Keywords: Female labour force participation, rainfall, education, India
    Date: 2021–11
  3. By: Chuan, A.; Zhang, W.
    Abstract: Women used to lag behind men in college enrollment but now exceed them. We argue that changes in non-college job prospects contributed to these trends. We first document that routine-biased technical change disproportionately displaced non-college occupations held by women. We next employ a shift-share instrument for the impact of routinization to show that declining non-college job prospects for women increased female enrollment. Results show that a one percentage point decline in the share of routine task intensive jobs leads to a 0.6 percentage point rise in female college enrollment, while the effect for male enrollment is directionally smaller and insignificant. We next embed this instrumental variation into a dynamic model that links education and occupation choices. The model finds that routinization decreased returns to non-college occupations for women, leading them to shift to cognitive work and increasing their college premium. In contrast, non-college occupations for men were less susceptible to routinization. Altogether, our model estimates that workplace routinization accounted for 63% of the growth in female enrollment and 23% of the change in male enrollment between 1980 to 2000.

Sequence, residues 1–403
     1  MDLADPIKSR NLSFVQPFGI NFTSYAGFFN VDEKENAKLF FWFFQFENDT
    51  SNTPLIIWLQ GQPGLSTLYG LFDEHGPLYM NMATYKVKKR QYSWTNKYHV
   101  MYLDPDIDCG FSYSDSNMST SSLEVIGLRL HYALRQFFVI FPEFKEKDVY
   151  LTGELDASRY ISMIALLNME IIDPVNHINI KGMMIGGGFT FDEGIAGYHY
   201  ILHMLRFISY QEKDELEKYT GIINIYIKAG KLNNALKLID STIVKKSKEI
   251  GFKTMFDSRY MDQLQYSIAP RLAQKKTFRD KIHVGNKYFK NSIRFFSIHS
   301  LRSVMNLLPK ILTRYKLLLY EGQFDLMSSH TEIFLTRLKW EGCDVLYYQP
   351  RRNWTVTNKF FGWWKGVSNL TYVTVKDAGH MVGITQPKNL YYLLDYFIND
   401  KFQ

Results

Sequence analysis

Keywords: human capital, college enrollment, gender, occupations, automation
    JEL: I23 I24 I26 J16 J24 I26
    Date: 2021–11–08
  4. By: Ishaan Bansal (IDInsight); Kanika Mahajan (Ashoka University)
    Abstract: Existing evidence shows that the Covid-19 pandemic has led to employed women witnessing larger losses in the labor market in India. We examine the heterogeneity that underlie these trends by studying the impact of Covid-19 induced income shocks on female employment. Using individual level panel data and a difference-in-differences strategy that exploits lockdown timing (April 2020) and accounts for seasonal employment trends, we find that women in households facing a hundred percent reduction in household male income during the lockdown were 1.5 pp (25%) more likely to take up work during the "unlockdown" months (June-August 2020). We also find these results to be predominant in poorer and less educated households. However, these positive employment trends are only transitory in nature with a reversal in female employment in these households from September 2020 onwards. These findings underscore the use of women's labor as insurance during low-income periods by poorer households.
    Keywords: Employment, COVID-19, income shocks, gender, India
    Date: 2021–11